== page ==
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Friday, April 19, 2024

How to preserve potatoes from going bad

Potatoes can be kept in the fridge, experts have said, contrary to common health warnings.

It was previously thought that storing raw potatoes at cold temperatures could turn starches into sugars, not only making them sweeter and darker during cooking but also forming acrylamide, a chemical which increases the risk of several types of cancer.

Until recently, the Food Standards Agency (FSA) recommended that potatoes be stored in a dark, cool place at temperatures above 6C (42.8F).

However, its new research shows that it is safe to store potatoes in the fridge, and that doing so even increases their shelf life.

if you wish to prevent food waste, you can choose to store either in the fridge or in a cool, dark place

Cold storage did not materially increase the formation of acrylamide in potatoes compared with keeping them in a cool cupboard.

Fried, roasted or baked

“We previously advised consumers against storage of raw potatoes in the fridge at home, as it was thought this could lead to the formation of additional sugars (known as cold sweetening) which can then convert into acrylamide when the potatoes are fried, roasted or baked,” updated guidance on the FSA website reads.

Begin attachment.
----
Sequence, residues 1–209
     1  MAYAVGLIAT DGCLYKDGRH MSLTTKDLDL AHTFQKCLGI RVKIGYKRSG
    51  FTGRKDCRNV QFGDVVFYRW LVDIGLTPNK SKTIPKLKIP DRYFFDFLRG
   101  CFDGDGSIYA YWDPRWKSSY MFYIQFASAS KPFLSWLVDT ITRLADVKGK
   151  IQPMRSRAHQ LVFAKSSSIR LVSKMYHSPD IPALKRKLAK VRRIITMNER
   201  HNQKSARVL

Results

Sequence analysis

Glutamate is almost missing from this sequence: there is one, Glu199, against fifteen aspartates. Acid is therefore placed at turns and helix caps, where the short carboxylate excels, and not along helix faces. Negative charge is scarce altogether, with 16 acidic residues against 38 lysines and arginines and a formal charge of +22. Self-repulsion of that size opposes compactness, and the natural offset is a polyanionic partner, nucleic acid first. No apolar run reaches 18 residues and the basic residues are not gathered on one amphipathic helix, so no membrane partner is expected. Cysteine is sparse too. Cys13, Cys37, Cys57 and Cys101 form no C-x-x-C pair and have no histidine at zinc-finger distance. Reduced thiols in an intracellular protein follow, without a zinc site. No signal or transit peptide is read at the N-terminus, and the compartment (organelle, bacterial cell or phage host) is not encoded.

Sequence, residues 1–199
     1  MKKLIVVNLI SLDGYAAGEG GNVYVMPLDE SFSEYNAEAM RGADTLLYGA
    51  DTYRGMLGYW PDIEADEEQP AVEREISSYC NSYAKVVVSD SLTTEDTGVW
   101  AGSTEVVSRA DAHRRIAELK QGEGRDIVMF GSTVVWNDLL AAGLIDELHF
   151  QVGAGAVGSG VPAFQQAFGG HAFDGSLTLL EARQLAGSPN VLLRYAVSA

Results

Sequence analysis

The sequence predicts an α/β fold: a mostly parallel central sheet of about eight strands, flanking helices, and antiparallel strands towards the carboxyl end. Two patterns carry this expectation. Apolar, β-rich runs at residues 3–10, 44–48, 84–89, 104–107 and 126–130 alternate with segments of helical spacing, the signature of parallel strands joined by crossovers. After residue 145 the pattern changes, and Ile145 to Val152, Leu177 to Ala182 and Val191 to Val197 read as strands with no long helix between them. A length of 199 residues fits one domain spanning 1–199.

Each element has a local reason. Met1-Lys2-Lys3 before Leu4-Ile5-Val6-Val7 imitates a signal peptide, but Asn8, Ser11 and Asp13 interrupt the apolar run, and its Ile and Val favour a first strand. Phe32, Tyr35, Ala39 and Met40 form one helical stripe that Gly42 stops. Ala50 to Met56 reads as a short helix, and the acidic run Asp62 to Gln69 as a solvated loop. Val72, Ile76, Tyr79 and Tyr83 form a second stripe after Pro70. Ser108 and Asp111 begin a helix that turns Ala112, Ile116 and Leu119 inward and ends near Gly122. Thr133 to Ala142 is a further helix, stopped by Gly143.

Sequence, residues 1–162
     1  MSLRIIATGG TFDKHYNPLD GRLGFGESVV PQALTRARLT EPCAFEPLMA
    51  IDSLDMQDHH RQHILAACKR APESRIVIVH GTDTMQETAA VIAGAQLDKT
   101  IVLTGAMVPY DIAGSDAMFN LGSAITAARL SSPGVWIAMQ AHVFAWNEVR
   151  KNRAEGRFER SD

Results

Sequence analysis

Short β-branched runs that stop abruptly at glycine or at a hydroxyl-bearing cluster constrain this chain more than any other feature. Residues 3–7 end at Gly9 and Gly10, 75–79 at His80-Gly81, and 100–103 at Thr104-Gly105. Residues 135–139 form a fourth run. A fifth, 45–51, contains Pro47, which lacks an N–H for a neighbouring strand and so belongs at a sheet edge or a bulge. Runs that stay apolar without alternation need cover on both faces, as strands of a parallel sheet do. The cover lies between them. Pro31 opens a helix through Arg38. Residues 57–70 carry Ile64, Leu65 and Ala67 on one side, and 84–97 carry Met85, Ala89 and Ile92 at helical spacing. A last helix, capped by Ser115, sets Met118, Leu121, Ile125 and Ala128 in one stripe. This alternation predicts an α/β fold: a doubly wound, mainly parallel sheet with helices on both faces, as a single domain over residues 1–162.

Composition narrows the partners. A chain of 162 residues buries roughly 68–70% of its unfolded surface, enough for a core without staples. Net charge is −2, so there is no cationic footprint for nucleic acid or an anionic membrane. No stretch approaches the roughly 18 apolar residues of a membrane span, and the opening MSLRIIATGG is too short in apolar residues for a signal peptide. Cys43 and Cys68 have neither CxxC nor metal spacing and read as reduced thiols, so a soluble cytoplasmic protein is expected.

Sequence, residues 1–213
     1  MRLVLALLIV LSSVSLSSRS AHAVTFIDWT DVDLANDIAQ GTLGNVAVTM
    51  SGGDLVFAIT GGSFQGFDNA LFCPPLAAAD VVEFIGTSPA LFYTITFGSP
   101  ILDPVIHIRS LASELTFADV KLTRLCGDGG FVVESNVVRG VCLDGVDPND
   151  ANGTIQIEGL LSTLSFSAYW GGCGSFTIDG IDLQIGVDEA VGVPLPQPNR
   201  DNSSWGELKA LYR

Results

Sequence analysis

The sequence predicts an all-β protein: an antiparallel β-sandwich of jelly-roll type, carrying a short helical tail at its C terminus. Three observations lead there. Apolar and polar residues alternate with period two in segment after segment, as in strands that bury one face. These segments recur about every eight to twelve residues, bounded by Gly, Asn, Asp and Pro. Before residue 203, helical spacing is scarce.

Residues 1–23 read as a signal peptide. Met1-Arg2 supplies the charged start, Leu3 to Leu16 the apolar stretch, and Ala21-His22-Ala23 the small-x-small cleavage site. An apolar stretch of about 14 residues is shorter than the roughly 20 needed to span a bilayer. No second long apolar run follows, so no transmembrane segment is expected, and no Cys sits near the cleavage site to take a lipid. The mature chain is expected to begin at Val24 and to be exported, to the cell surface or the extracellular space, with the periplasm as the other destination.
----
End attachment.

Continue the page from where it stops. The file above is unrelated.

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“A recent study, which has been reviewed by the committee on the toxicity of chemicals in food, consumer products and the environment, has shown that home storage of potatoes in the fridge doesn’t materially increase acrylamide forming potential when compared to storage in a cool, dark place.

“So, if you wish to help avoid food waste, you can choose to store either in the fridge or in a cool, dark place,” it adds.

Meanwhile, shoppers may be surprised to learn that tomatoes and cucumbers, which are in short supply at supermarkets, should be kept out of the fridge, according to scientists.

Consumer experts said that while 68 per cent of people keep tomatoes in the fridge, they should actually be stored in the cupboard as cold temperatures change the texture and inhibit the enzymes that give them flavour.

“Cold temperatures also cause cucumbers to go mushy inside and bananas to go black so they’re better off on the counter,” experts advised.

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